What is it?
Good question. Running with the DS theme recently rolled out to great acclaim on the C3, Citroen has taken a new C4 and given it un peu de this and un soupçon de that to create something rather magical. It’s still a five-door hatchback, but it has the profile of a coupe and the ride height of a compact SUV. It’s a bit bonkers, then, and not entirely removed from the ridiculous twit magnet BMW X6, but somehow this has panache whereas the Beemer is resolutely vulgar. The mad genius of Citroen gone by is reawakening, and we like it. A lot.
Simplistic rear torsion bar and front MacPherson struts notwithstanding, the DS4 handles well. Far better than it probably should, given its size and ride height. The hydraulically assisted steering is sharp and accurate and provides a surprising amount of feedback, while that lofty body is impressively free from roll in faster corners. The suspension stiffness required to achieve this does mean the DS4 rides slightly less well than the standard C4, but it’s so much more fun to drive that the compromise seems infinitesimal.
The engines on offer are the usual solid, frugal diesels and three petrols developed in conjunction with BMW. These will give the DS4 the best chance of living up to its rakish coupe styling, but the reality is that the diesels will sell strongest in the UK with their excellent fuel returns, very low CO2 emissions and a decent level of overall refinement.
On the inside
There’s a bit more flash than functionality inside the DS4, bearing in mind that its status as an SUV crossover suggests a degree of practicality. Where we can forgive the DS3 a cramped and less accessible rear, it’s odd to face this in a family-orientated larger car. There is space enough back there, but it’s more claustrophobic than the C4, a problem compounded by fixed rear windows. Yes indeed.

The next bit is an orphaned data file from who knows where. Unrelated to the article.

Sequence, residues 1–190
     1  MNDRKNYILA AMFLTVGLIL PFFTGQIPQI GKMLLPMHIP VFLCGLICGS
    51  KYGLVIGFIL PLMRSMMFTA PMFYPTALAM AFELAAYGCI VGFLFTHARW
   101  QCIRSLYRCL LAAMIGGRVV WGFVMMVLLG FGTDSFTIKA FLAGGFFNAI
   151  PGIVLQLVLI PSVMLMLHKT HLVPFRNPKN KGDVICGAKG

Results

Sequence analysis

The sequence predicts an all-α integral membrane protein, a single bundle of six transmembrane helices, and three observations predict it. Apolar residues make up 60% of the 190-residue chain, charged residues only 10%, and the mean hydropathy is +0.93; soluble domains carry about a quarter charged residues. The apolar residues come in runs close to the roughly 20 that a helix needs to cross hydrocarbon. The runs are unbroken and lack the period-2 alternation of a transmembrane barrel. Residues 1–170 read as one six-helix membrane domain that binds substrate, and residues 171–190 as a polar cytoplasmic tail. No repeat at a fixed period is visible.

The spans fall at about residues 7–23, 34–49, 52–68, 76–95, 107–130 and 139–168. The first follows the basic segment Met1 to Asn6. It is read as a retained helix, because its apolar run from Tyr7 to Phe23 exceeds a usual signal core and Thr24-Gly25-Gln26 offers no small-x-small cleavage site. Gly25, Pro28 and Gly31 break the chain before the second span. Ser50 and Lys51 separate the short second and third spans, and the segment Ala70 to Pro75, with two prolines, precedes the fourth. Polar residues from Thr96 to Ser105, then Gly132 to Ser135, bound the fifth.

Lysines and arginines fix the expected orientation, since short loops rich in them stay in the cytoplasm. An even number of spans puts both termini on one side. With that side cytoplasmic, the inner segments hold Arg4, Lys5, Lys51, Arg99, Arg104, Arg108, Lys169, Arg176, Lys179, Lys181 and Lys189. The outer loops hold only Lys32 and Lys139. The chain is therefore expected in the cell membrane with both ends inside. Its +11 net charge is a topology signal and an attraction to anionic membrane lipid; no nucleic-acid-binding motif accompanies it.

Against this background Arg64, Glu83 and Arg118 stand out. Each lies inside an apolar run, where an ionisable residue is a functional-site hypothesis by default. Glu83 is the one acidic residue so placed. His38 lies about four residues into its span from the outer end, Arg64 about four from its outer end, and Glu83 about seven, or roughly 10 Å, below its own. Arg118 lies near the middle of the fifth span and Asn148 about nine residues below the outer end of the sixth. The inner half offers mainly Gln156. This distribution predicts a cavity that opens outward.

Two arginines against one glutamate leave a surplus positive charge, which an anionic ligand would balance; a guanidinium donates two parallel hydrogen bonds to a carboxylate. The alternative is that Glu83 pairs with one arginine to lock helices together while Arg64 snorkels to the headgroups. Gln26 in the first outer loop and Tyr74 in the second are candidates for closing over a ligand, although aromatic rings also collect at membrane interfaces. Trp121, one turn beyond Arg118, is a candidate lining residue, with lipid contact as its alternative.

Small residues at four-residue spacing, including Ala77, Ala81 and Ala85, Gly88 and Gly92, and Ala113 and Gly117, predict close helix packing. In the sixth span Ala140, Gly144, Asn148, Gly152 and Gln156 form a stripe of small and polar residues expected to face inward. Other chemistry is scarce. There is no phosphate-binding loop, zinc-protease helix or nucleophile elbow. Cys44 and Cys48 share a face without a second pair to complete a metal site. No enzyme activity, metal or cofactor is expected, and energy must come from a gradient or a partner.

Still, it’s all gravy up-front, with a superb driving position, lots of toys and a windscreen that goes right over your head. Although this does blind you when the sun pops out.
The DS4 is all about you. (And not your rear passengers, obviously.) It’s daringly different and promises to reward you on a daily basis for that. As for housekeeping, there are tax-efficient dieselengine options aplenty here (despite a power boost, they’re even greener in the latest cars), and comparatively sporty petrol ones that still make economic sense. Residuals should be strong too. This is a great alternative to the popularbut- poor Mini Countryman. And Britain needs more of them.